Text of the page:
3 Programme AUCKLAND, THURSDAY 29 JANUARY Clinically based surveillance of occupational diseases in the United Kingdom. Auckland Hospital Medical Science Lecture, Auckland Hospital, Auckland. 2 Surveillance systems for occupational disease and epidemiology of mesothelioma: historical and recent. A combined meeting of the Australasian Faculty of Occupational Medicine and the Australasian Society of Occupational Medicine, sponsored by the National Asbestos Medical Panel. Environmedix, 654 Manukau Rd, Auckland.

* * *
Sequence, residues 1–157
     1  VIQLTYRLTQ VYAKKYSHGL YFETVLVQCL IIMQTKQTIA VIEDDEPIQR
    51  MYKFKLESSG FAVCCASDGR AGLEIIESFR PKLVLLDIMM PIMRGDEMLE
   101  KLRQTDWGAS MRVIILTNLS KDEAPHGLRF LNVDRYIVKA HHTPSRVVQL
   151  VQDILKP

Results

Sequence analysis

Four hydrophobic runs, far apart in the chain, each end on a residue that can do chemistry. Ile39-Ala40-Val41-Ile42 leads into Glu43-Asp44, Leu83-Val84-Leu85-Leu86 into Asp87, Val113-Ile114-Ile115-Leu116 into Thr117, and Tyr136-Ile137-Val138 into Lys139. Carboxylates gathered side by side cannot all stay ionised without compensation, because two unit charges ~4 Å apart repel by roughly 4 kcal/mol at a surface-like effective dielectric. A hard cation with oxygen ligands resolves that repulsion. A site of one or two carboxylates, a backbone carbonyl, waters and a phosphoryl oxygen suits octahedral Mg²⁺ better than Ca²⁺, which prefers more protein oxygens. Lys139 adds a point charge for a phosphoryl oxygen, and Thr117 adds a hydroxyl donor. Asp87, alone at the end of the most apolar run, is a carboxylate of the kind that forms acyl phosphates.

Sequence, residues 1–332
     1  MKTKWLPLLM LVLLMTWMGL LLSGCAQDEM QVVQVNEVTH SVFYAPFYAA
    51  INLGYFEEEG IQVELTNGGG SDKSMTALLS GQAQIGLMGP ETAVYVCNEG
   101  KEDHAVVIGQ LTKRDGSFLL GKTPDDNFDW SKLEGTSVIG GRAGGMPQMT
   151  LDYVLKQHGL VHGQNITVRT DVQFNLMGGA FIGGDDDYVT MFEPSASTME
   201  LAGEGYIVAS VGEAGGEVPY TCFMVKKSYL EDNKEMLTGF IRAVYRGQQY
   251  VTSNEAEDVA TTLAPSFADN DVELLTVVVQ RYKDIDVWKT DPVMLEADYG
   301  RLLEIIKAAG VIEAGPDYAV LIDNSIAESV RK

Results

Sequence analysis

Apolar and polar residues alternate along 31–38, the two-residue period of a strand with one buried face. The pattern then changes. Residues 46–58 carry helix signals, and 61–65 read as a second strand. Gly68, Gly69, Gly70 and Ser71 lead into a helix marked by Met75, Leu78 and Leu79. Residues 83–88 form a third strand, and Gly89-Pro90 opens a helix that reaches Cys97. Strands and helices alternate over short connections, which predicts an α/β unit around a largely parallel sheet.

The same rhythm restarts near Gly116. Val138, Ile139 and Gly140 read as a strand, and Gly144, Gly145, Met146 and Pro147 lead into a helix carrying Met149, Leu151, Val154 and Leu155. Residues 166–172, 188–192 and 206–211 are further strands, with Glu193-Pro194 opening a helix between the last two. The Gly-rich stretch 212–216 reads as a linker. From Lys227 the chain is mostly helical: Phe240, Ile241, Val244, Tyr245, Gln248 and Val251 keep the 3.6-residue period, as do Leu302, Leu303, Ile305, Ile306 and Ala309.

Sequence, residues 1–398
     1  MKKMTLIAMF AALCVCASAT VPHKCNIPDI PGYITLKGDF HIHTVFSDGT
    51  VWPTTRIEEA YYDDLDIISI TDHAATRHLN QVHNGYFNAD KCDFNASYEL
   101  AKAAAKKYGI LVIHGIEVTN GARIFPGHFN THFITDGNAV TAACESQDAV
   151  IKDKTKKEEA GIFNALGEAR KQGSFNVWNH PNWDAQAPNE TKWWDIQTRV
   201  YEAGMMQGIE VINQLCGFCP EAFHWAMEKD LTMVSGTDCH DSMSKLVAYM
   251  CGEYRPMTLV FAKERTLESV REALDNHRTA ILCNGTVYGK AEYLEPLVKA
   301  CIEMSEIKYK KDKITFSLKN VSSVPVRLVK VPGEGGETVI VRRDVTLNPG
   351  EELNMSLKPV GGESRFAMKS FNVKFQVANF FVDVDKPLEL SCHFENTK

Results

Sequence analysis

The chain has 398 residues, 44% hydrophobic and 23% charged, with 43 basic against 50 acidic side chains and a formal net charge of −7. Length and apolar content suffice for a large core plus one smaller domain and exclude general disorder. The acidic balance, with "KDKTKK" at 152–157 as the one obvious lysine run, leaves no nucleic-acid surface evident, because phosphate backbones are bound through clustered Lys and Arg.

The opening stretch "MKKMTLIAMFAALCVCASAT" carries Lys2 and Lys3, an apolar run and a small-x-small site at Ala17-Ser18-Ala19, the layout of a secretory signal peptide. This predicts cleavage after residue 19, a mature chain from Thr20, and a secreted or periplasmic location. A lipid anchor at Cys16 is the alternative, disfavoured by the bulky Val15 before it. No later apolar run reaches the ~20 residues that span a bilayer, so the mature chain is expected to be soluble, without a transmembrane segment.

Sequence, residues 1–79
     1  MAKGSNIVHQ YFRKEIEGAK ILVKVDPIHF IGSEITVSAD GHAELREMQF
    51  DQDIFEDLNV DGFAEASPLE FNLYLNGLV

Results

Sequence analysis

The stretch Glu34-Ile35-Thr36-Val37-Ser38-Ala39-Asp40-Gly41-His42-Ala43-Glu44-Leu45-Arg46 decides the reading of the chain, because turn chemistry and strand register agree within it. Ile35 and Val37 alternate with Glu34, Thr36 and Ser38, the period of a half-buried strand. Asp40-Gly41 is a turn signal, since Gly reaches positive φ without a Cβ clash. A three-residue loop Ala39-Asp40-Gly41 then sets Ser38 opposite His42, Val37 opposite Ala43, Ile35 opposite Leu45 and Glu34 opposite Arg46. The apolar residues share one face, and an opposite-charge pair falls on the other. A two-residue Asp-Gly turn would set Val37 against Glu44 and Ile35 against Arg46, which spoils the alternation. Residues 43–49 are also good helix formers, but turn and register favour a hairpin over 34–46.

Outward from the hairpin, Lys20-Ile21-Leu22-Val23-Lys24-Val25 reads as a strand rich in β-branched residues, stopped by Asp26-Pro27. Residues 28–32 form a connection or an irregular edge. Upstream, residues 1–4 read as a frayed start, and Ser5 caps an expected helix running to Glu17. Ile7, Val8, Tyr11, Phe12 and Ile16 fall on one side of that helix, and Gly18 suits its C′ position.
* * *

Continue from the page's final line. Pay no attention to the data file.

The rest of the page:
4 Contents McDonald J.C. and McDonald A.D. The epidemiology of mesothelioma in historical context. (Reprinted with permission from The European Respiratory Journal 1996: 9, )... Pages 3-14 * The New Zealand Asbestos Registers...Pages * NOTE TO WEB SITE USERS Unfortunately, an electronic version of this paper is not available and could not be included in this document. However, a printed copy of the document is available from the Centre for National Support, Occupational Safety and Health Service.
5 The epidemiology of mesothelioma in historical context J.C.McDonald, A.D. McDonald THE EUROPEAN RESPIRATORY JOURNAL OFFICIAL JOURNAL OF THE EUROPEAN RESPIRATORY SOCIETY 1996: 9,